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Imaging studies

Imaging tests such as X-rays, Magnetic Resonance Imaging (MRI) and Computed Tomography scan may be performed to identify the extent of the lesions. These tests will be able to tell the physician if the lesions are located in a single place or if several organs are already affected. The X-ray is also essential if the involvement of the lungs is being considered [1, 5].


Biopsy

The gold standard in the diagnosis of LCH is performing a biopsy. The physician will take a sample of the lesion and examine it under a microscope. The sample tissue may show histiocytes, eosinophils and Langerhans’ cells that are multinucleated [1, 5].

Treatment

The management for this condition depends on the number of the organs that are affected. There are several treatment modalities depending on the location. Bone lesions that are localized may be treated with intralesional steroids, chemotherapy and radiotherapy. If the lesion is accessible, a surgical curettage may be performed to remove the lesion [1].

Cutaneous manifestation of LCH are may resolve spontaneously without any treatment but if it persists topical nitrogen mustard and steroids may be used. Another option that can be chosen is the Psorlen with ultraviolet A (PUVA) therapy [1].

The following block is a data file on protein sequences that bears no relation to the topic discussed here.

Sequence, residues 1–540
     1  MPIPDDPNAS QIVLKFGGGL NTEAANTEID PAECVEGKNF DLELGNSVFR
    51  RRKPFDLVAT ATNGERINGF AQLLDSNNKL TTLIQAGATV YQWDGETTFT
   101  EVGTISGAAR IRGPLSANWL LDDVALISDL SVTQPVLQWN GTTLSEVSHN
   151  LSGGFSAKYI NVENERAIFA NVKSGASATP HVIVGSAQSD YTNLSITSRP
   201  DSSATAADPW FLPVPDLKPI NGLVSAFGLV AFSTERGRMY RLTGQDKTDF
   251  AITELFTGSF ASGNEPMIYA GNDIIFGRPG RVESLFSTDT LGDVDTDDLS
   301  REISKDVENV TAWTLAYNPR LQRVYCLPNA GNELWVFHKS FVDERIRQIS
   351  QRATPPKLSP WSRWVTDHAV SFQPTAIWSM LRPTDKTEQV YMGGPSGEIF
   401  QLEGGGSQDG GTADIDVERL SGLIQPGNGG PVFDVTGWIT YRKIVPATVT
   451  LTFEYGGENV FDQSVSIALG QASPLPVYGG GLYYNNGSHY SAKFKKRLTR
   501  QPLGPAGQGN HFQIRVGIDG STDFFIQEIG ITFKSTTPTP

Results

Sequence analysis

For patients who have pulmonary langerhans cell histiocytosis, the most part of the treatment is the cessation of cigarette smoking and this will improve the symptoms in some patients. Corticosteroids is the preferred treatment for this form of LCH.

If the lesion failed to respond to these drugs, the patient may need to undergo chemotherapy. Chemotherapeutic drugs are considered to be a last resort because of the risks associated with the use of these drugs. Transplant of the lungs may be required for advanced forms of pulmonary LCH [1].

If there is multi-organ involvement, the patient may be given vinblastine, prednisolone and 6-mercaptopurine. Patients who failed to respond to the treatment modalities previously done may need to undergo stem cell transplant [1].

Continuous monitoring is recommended to these patients because complications may occur many years after the primary lesions have resolved. It is estimated that about 50% of patients with LCH develop complications either due to LCH or to the treatment they underwent [1].

Pictures

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References
1. Hartree, N. (2014, January 23). Langerhans’ Cell Histiocytosis. Retrieved from Patient.info: http://patient.info/doctor/langerhans-cell-histiocytosis
2. National Cancer Institute. (2016, April 6). Langerhans Cell Histiocytosis Treatment (PDQ®)–Patient Version. Retrieved from National Cancer Institute: http://www.cancer.gov/types/langerhans/patient/langerhans-treatment-pdq
3. Shea, C. R. (2016, February 8). Langerhans Cell Histiocytosis. Retrieved from Medscape: http://emedicine.medscape.com/article/1100579-overview?pa=MgaRCTAT28WAqEJTClW4MmYbqAoSjc0FdfpPYSnlNYDzzDqRJ5B%2FeA1ud3yw9hBU0Oa6T%2BYfpf4pNEhRwo1pnQkUAoK%2FTsPq9nb0yuBwgs0%3D#a6
4. Histiocytosis Association. (2015). LCH in Children. Retrieved from Histiocytosis Association: http://www.histio.org/lchinchildren#.V9JNh5h97IU
5. McClain, K. L. (n.d.). Langerhans Cell Histiocytosis. Retrieved from National Organization for Rare Disorders: http://rarediseases.org/rare-diseases/langerhans-cell-histiocytosis/